Could Things Get Worse For Coke? (Fool Plate Special) September 3, 1999

An Investment Opinion

Could Things Get Worse For Coke?

By Matt Richey (TMF Verve)
September 3, 1999

This morning, beverage giant Coca-Cola (NYSE: KO) announced that unit case volume will show only scant increases "in the low single digit range" during the current quarter. Correspondingly, the company warned that third quarter earnings will fall a penny or two below the First Call estimate of $0.36. And if that's not enough, repercussions from this summer's quality debacle in Belgium and France and the subsequent European product withdrawal will chip off another $0.02 - $0.03 from third quarter earnings, with a continued impact on fourth quarter results as well.

But that ain't all. Volume growth in North America is slowing to a trickle, with third quarter expectations calling for an increase of only 2% - 3%. The company cited an increase in retail soft drink prices as the culprit. On one hand, rising prices in North America could be considered a sign of pricing power, which would be a positive. But considering the booming American economy, slightly higher retail prices shouldn't have squelched growth. Pricing power can only be considered a positive if it comes without concurrent declines in volume.

The lagging results in a strong North American market are startling. Part of the thesis of Coke's quality as an investment is that the product's low price point and ubiquity should allow for steady sales growth, especially during good economic times. But this thesis hinges on great management and marketing, neither of which have been particularly impressive of late.

Part of the problem is that the company is still in a state of management transition. Since the death of Coke's renowned chief, Roberto Goizuetta, in the fall of 1997, the new CEO Douglas Ivestor has faced one economic disaster after another, all while trying to learn the ropes of managing the world's number one consumer company. Even Goizuetta had his problems in the early years, when he made such blunders as "New Coke" and the purchase of Columbia Pictures.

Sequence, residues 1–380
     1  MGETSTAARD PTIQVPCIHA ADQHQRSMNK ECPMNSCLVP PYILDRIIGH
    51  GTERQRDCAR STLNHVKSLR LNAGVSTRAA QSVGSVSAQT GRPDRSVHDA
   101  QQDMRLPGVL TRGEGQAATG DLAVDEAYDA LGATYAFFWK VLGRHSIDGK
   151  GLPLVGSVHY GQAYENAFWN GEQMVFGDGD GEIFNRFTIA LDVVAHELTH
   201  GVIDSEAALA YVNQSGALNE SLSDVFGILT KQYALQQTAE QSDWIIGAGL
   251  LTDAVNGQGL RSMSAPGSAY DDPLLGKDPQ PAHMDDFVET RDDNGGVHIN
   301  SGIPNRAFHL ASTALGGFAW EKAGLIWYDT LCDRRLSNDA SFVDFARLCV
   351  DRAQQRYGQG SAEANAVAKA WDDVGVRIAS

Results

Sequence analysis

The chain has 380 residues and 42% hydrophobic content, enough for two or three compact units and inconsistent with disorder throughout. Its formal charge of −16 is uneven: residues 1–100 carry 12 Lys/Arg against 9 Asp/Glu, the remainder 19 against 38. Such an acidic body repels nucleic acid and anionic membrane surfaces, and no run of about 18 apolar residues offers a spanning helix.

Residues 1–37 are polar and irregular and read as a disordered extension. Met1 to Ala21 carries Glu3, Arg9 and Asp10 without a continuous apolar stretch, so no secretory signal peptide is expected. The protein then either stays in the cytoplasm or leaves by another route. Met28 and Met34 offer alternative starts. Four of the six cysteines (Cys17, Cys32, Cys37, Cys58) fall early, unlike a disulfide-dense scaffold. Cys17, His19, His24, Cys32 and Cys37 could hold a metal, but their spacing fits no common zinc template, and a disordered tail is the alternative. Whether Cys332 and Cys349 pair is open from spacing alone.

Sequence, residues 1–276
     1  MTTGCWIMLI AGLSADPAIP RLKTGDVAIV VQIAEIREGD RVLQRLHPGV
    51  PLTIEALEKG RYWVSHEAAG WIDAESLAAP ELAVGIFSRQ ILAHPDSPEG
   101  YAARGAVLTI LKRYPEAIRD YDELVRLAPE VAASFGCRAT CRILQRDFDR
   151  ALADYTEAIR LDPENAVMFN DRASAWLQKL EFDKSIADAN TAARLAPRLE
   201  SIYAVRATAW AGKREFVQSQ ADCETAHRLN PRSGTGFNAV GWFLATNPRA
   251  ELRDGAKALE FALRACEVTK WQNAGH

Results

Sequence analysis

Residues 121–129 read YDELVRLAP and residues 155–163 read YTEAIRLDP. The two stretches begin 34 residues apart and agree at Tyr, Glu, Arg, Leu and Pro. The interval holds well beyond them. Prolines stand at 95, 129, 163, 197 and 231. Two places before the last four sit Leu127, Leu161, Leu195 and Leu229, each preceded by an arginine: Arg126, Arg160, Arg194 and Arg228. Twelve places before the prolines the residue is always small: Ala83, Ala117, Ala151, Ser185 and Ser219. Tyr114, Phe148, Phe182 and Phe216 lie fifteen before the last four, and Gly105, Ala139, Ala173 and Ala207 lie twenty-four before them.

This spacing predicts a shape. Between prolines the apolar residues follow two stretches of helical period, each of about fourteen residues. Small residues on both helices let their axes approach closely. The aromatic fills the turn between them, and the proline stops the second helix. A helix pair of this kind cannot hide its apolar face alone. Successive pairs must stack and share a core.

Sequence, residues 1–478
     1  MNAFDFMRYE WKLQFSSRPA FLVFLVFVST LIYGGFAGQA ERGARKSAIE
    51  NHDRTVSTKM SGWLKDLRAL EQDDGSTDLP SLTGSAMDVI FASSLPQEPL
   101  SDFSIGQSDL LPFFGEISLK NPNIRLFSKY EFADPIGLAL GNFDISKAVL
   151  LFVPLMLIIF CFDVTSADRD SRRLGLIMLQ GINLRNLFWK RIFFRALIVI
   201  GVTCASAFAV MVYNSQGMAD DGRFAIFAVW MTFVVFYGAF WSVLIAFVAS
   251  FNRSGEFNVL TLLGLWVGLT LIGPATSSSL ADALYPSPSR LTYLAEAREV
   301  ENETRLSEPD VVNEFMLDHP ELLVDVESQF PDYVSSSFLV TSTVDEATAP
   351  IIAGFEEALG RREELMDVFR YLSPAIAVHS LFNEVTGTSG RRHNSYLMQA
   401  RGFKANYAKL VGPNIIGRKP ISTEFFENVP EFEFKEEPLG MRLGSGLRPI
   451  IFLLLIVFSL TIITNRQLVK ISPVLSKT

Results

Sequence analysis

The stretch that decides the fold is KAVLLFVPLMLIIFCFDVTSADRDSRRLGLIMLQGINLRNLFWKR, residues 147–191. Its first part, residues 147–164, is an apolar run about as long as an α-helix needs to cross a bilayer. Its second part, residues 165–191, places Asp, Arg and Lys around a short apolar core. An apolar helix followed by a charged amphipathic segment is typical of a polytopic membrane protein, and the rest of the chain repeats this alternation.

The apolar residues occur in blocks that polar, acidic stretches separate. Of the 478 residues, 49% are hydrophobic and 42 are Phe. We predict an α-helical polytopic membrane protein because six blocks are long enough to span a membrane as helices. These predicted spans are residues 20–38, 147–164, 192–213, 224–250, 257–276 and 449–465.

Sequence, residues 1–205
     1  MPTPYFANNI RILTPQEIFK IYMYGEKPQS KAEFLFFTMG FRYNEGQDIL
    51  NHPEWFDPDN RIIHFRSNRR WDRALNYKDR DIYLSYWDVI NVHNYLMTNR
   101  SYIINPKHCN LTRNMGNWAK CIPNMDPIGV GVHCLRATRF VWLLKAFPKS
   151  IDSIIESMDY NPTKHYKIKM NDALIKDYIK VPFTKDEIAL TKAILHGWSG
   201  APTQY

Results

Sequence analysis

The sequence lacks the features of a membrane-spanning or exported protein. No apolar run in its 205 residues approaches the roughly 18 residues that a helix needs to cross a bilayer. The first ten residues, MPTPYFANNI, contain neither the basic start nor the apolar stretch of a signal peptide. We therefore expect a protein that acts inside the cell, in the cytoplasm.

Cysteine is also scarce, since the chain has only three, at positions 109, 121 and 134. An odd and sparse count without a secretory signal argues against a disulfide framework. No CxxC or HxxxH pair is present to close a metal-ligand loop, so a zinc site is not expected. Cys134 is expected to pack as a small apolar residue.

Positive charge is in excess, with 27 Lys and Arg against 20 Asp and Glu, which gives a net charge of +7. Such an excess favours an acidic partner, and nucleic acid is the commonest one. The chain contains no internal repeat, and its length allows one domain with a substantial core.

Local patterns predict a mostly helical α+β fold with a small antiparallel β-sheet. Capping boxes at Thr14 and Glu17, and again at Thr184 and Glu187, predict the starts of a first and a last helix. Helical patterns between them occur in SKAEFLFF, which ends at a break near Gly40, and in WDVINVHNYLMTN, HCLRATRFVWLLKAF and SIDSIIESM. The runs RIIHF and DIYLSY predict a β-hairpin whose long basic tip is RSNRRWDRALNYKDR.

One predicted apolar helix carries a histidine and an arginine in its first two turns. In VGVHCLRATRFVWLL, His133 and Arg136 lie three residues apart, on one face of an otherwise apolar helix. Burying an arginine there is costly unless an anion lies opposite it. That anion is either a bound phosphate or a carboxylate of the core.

Perhaps Coke's struggles stem from market saturation, but that conclusion doesn't seem likely. Coca-Cola naysayers have been worried about market saturation for decades. According to a Fortune writer: "Several times every year, a weighty and serious investor looks long and with profound respect at Coca-Cola's record, but comes regretfully to the conclusion that he is looking too late. The specters of saturation and competition rise before him." These words were written in 1938.

Even with Coke's dominant soft drink market share, the company only accounts for 2% of worldwide beverage consumption. With the right product and marketing combination, there's tons of growth left for this great company. One of the company's greatest assets is its pervasive global network of bottlers. Whenever the company has a bright new idea for a product, the bottling system can very quickly introduce that product around the world. In addition, the company's strategically organized distribution network based on key "anchor bottlers" allows for unparalleled efficiency in distribution.

With zero sales growth over the past three years and a newfound habit of earnings warnings, investors are justifiably viewing Coke's outlook with a great deal of skepticism. But it's at the darkest times like these that investors sometimes get the chance to buy shares at a favorable price. While Coke is by no means cheap at 37 times next year's expected earnings of $1.56, the company may be coming close to putting the worst of its troubles behind.